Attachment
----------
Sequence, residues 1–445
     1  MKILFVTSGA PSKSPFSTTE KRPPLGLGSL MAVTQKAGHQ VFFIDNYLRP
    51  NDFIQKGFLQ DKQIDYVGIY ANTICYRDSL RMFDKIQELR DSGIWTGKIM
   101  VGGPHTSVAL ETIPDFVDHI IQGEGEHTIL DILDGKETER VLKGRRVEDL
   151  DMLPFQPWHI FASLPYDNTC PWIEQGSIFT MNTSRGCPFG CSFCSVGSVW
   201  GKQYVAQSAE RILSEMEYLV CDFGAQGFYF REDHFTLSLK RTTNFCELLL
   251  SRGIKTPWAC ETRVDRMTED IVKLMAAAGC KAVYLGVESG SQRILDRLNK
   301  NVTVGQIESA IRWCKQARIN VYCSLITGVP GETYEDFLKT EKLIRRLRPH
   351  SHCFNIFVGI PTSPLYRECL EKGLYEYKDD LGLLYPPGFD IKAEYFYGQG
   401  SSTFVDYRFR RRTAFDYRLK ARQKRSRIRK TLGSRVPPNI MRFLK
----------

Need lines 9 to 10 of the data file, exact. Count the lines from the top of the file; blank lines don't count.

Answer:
   351  SHCFNIFVGI PTSPLYRECL EKGLYEYKDD LGLLYPPGFD IKAEYFYGQG
   401  SSTFVDYRFR RRTAFDYRLK ARQKRSRIRK TLGSRVPPNI MRFLK